Update - I upgraded the 128 GB ssd to a 256 GB ssd. I purchased this sdd on Amazon:
Lite On Plextor M5M 0.85-Inch 256GB mSATA Solid State Drive (M5M 256GB)
Whatever ssd you buy, it needs to be an mSata ssd - they are very tiny. (Neither a 2.5" ssd nor a 1.8" ssd could ever work - they are way to large and would not fit the adapter any way.)
I also purchased this case for an mSata ssd:
MyDigitalSSD Bullet Proof USB 3.0 mSATA SSD Enclosure Adapter - MDMS-BP-USB3
You should guard against a static discharge before opening the case and while working inside the Vizio. Don't touch anything unless you have too!
Before I replaced the ssd, I placed the 256 GB ssd in the mSata enclosure and used dd to clone the 128 GB. It took dd about 10 or 15 minutes as most to clone the 128 GB drive. I also made backups to dual layer DVDs and blu-ray disks.
Make sure first to detach the AC adapter if it's attached to the Vizio!
I gathered my courage and took off the back of the Vizio 14" thin and light laptop. You need a special screw driver tip (star-shaped - not sure what the proper name is) to remove all of the screws on the back cover.
I lifted the back starting at the hinge (because there are some flanges at the other end.
With the large flat battery at the bottom, the tiny mSata ssd is in the upper left corner held in by two screws.
Caution: You should (must) remove the battery first to avoid damage! On some laptops you can just unattach a connector to the battery. In the Vizio, you must remove the five screws holding the battery to the case in order to detach the battery (not such a great design but easy enough).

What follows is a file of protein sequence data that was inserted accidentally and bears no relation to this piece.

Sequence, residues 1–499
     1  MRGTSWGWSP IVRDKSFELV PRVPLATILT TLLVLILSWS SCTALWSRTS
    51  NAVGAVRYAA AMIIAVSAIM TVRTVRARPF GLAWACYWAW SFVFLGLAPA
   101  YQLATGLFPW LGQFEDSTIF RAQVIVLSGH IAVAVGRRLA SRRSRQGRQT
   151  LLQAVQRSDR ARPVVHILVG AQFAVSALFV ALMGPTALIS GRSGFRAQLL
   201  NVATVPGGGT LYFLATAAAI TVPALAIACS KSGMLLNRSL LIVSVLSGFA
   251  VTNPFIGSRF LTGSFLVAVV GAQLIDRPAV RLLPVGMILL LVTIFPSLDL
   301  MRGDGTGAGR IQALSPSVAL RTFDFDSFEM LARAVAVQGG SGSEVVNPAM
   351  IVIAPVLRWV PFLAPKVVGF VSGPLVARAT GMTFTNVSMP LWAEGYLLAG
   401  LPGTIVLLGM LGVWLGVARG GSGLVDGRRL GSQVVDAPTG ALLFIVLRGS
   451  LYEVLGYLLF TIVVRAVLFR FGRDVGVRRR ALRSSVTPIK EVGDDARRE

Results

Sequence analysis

Once the battery is removed, you can easily remove the 2 screws holding the ssd in place. The ssd will pivot upward when the screws are removed making it easier to pull the ssd out of the connector.
Insert the new ssd, pivot it down, and re-insert the 2 screws.
Reattach the battery and re-insert the 5 screws.
Attach the back cover - make sure you get the little flanges (at the bottom where the battery is) in first, and close to the hinge side. Make sure the cover is correctly positioned and then re-insert the screws.
If your Vizio is the same as mine, after re-assembly, if you press the power button NOTHING will happen. Don't panic! (Although I almost did.) I had learned previously from removing the cover you must plug in the AC adapter, and then press the power button. I'm not sure if this is due to just removing the cover or removing the battery (but I think it's just from removing the cover).
After the intial boot, you won't have to have the AC adapter plugged in - it will operate as usual.
My Vizio has 4 primary partions (one extended) so even with the new ssd, it took a bit of work to make the new space available. There is a primary partion of about 2 GB at the upper end of the first 128 GBs that may be used for Intel's Rapid Start Technology. This was enabled in the bios - but the Vizio seems to start up/hibernate just as fast with this disabled. The partition has id 84, btw. In order to make the new space available, I had to delete this partion using a Ubuntu Live CD (which I booted the Vizio). I also made sure I turned off swap so that the Live CD would not try to use the swap partition. (My Vizio is set up to dual boot the orignal Windows 7 that was pre-installed and Ubuntu 13.04.) Once the id 84 partition of 2 GB was deleted, I could then increase the extended partition size, and add one or more new partions within the extended partition. (You could also add a new primary partition - but then you can't re-install the id 84 partition.)
If you are careful, you should have no problems. The Vizio is easy to disassemble and re-assemble. I have no idea why Vizio insists that users can't upgrade their Vizio's themselves. Replacing the battery is very simple also. There is no need to send the laptop back to Vizio.
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